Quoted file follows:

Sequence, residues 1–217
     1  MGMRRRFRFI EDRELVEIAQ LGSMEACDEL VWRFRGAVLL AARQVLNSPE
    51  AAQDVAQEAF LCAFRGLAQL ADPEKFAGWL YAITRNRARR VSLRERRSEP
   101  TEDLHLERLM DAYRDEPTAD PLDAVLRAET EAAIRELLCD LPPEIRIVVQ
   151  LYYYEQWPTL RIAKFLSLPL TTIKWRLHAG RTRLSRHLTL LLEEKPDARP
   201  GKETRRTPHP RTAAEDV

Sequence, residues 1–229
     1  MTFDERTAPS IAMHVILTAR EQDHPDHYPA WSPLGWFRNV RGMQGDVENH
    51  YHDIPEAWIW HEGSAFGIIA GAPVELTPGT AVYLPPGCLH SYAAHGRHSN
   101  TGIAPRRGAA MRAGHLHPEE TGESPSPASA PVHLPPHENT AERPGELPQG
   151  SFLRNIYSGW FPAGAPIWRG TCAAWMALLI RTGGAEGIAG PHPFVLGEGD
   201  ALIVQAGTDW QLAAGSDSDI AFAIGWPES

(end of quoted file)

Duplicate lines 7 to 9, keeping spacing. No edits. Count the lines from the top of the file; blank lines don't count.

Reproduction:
Sequence, residues 1–229
     1  MTFDERTAPS IAMHVILTAR EQDHPDHYPA WSPLGWFRNV RGMQGDVENH
    51  YHDIPEAWIW HEGSAFGIIA GAPVELTPGT AVYLPPGCLH SYAAHGRHSN